Wood Brothers Racing–Talladega A Memorable Place For Blaney, Bullins and the Wood Brothers

Talladega A Memorable Place For Blaney, Bullins and the Wood Brothers

October 22, 2015

Talladega Superspeedway has a mystique about it like no other track on the NASCAR Sprint Cup Series.

It has seen many strange events over the years – from a string of surprise winners in the 1970s and 1980s to Bobby Isaac parking Bud Moore’s Ford mid-race after hearing voices telling him to do so, to an instance of sabotage to race cars.

“Something out of the ordinary was always happening at Talladega back in the day, sometimes good and sometimes bad,” said Eddie Wood, co-owner of the No. 21 Motorcraft/Quick Lane Ford Fusion that Ryan Blaney will drive in this weekend’s CampingWorld.com 500.

Because Talladega holds such a unique place in NASCAR history, a first trip there creates special memories for participants and fans alike.

Wood remembers his first race there very well. It was the 1970 Talladega 500, and in the early years, that second race of the season at Talladega always seemed to produce some strange story lines.

This one was no different.

Cale Yarborough was driving the No. 21 Mercury when the front windshield was knocked out of the car, likely due to debris.

In those days, teams didn’t keep spare windshields on pit road, so the Wood Brothers crew had to bring a replacement from the truck outside the garage to their pit stall on the far end of pit road.

In the meantime, Yarborough kept right on racing, even though his open-face helmet offered little protection from the 180-mile-per-hour wind.

“Cale tied a red shop rag around his face, and off he went,” Wood said. “He ran seven or eight laps that way. When he would go by our pit, he was laid way back in the seat, like the wind was about to blow him out of the seat.”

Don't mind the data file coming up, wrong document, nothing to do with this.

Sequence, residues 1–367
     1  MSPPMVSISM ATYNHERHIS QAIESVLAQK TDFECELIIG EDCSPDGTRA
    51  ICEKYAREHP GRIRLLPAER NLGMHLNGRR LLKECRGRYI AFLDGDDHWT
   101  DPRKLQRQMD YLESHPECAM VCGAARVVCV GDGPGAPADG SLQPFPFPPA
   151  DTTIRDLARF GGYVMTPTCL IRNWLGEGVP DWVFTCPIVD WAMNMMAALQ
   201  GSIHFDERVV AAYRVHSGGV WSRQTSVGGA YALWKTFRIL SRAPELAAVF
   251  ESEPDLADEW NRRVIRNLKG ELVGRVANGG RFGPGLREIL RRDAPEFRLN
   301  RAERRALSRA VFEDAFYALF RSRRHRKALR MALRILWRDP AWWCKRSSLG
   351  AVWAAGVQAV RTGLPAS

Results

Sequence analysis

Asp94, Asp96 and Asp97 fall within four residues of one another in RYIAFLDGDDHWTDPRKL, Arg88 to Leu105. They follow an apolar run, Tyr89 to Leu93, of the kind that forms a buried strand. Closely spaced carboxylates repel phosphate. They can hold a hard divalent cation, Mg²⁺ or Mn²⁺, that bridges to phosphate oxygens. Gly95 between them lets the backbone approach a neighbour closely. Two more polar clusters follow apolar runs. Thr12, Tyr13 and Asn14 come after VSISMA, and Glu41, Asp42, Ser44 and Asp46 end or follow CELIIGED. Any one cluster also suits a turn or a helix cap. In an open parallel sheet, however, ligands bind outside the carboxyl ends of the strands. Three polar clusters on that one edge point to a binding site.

The crew replaced the windshield, and Yarborough salvaged a fifth-place finish.

Len Wood, also a co-owner of the Motorcraft/Quick Lane Fusion, recalled that his first trip to Talladega, in August of 1974, was the time many of the front-running cars were sabotaged before the race.

Roger Penske, who now fields the Fords driven by Brad Keselowski and Joey Logano and has a technical alliance with the Wood Brothers, was the first to detect a problem and alerted his fellow competitors.

“They cut the oil pump belt on our car, and the toe-in had been messed with,” Len Wood recalled.

David Pearson drove the repaired No. 21 Mercury to a second-place finish that day.

Jeremy Bullins, now the crew chief of the Motorcraft/Quick Lane Ford Fusion, also had an unforgettable first trip to Talladega. His first race there was the 1987 Winston 500. “Everyone loves Daytona but to me Talladega is special because it’s the first speedway race I attended,” Bullins said. “My dad got tickets for my birthday when I was 10.”

Bill Elliott set NASCAR’s all-time qualifying speed for that race with a lap at 212.809 miles per hour in his No. 9 Ford, but after Bobby Allison flew into the catch fence during that race, NASCAR began restricting the horsepower on the cars at Daytona and Talladega and Elliott’s record remains untouched to this day. “While they were fixing the fence we went and walked the museum,” Bullins said. “Davey Allison ended up winning the race. It’s pretty cool to go back there now and be part of the race.”

Blaney has been attending races at Talladega longer than he can remember; as his dad, Dave Blaney, was a Sprint Cup driver and regular Talladega competitor. “My first memory of Talladega was watching my dad,” Blaney said. “I can’t fully remember what year but I was really young and playing at [Motor Racing Outreach]. “I remember that I couldn’t believe the race track could be so big, and the cars were so close to each other the whole race.” “That astonished me.”

Now Blaney and Bullins will attempt to write some Talladega history themselves, building on a fourth-place finish at Talladega in May. First up is trying to make the most of practice day on Friday.

“Talladega practice is a huge catch 22,” Bullins said. “You need to get in the draft to see how your car is in traffic, but you spend so much time preparing a fast car the last thing you want to do is get caught up in a wreck in practice.”

“We’ve got the same car we had for the [Daytona] 500 and finished fourth with at Talladega in the spring, so being that we have confidence in our car I don’t think you’ll see us spend a lot of time drafting in practice. We’ve got some things to try to evaluate for speed, which will carry over to the draft, so we will focus on getting our car trimmed out and ready for Sunday.”

And Bullins has set his sights high. “As an engineer I’ve got a couple of wins there, but a win there as a crew chief would be special,” he said. “Hopefully our Motorcraft/Quick Lane Fusion will have the speed to do just that this weekend.”